New solver simulates nanoelectronics at the atomic-level up to 10,000 atoms

Technology News |
By eeNews Europe

The research group led by Mathieu Luisier from the Integrated Systems Laboratory (IIS) at ETH Zurich started with a so-called quantum transport simulator software named OMEN, which runs its calculations based on what is known as density functional theory, allowing a realistic simulation of transistors in atomic resolution and at the quantum mechanical level. This simulation visualizes how electrical current flows through the nanotransistor and how the electrons interact with crystal vibrations, thus enabling researchers to precisely identify locations where heat is produced. In turn, OMEN also provides useful clues as to where there is room for improvement.

But so far, conventional programming methods and supercomputers only permitted the researchers to simulate heat dissipation in transistors consisting of around 1,000 atoms. Producing a realistic simulation of larger objects was impeded by a data communication bottleneck between the processors and memory requirements. Indeed most computer programs spend more time moving data between processors, main memory and external interfaces than performing actual computing operations. According to the scientists, OMEN also suffered from a pronounced bottleneck in communication, which curtailed performance.

Self-heating in a so-called Fin field-effect transistor (FinFET)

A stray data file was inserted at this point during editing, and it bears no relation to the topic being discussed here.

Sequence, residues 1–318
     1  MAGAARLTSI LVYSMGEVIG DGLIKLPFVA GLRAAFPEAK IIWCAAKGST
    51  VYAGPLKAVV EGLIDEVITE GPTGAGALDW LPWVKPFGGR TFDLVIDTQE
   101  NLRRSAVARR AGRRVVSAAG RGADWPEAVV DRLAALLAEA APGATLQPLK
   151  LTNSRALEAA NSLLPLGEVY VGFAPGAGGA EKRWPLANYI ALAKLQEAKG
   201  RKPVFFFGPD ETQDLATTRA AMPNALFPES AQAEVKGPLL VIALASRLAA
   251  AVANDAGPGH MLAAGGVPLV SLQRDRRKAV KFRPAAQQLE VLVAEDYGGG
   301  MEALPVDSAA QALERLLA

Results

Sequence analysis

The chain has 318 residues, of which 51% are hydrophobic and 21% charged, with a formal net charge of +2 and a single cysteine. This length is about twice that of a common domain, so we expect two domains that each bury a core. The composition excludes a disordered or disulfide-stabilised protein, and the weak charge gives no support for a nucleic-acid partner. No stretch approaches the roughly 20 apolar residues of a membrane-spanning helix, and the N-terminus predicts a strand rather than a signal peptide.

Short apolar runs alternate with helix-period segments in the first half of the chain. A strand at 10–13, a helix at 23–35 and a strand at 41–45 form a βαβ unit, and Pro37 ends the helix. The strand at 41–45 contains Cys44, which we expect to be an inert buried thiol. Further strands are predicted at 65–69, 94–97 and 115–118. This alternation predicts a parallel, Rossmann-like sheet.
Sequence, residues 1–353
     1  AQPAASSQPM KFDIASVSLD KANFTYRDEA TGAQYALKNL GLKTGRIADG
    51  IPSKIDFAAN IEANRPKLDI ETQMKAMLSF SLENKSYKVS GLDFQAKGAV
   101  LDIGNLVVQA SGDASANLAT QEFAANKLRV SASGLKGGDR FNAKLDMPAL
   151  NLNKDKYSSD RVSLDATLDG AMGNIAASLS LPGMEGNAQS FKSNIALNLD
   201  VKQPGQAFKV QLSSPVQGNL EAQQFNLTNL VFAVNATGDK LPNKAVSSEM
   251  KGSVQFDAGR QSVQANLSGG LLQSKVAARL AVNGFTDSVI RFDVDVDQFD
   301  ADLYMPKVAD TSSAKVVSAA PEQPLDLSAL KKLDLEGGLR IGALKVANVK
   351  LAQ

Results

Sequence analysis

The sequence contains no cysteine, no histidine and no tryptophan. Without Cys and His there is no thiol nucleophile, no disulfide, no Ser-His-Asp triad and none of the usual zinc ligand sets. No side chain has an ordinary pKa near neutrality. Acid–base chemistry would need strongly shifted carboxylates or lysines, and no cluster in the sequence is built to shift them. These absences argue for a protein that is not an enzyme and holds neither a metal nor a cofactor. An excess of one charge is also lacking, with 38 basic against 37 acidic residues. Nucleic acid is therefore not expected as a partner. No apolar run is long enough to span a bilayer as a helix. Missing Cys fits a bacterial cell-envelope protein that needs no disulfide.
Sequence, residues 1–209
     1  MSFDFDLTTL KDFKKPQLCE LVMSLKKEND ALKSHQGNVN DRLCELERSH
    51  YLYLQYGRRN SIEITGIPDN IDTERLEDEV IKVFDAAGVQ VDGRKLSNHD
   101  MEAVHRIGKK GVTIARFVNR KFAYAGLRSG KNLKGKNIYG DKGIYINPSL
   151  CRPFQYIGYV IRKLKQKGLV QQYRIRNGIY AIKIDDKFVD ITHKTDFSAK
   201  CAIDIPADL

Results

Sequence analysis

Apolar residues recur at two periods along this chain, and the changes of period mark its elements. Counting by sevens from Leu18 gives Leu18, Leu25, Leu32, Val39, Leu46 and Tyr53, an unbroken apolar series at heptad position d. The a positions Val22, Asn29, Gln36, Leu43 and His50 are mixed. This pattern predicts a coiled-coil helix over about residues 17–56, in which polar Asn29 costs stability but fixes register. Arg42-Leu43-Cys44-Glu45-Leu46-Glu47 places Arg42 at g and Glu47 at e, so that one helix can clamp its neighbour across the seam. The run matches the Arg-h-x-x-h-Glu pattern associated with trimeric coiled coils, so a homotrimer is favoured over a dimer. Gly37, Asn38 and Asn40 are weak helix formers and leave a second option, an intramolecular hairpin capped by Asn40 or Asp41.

at high current densities. Each constituting Silicon atom is
coloured according to its temperature.
Credit: Jean Favre, CSCS

Until now, the parallelization of OMEN was designed according to the physics of the electro-thermal problem, as Luisier explains. Rather than look at the physics, the researchers now focused on the dependencies between the data so they were able to reorganize the computing operations according to these dependencies to optimize the code.

Using the best supercomputers available today, the resulting code dubbed DaCe OMEN produced simulation results that were just as precise as those from the original OMEN software, though up to 140 times faster.

In a paper titled “A data-centric approach to extreme-scale ab initio dissipative quantum transport simulations” published in the 2019 Proceedings of the International Conference for High Performance Computing, Networking, Storage and Analysis, the researchers reported a realistic simulation of transistors ten times the size, made up of 10,000 atoms, on the same number of processors and up to 14 times faster than the original method took for 1,000 atoms. This extreme boost in computing speed has earned the researchers the Gordon Bell Prize.

The scientists achieved this optimization by applying the principles of data-centric parallel programming (DAPP), which was developed by professor Torsten Hoefler’s research group at ETH Zurich.

ETH Zurich –



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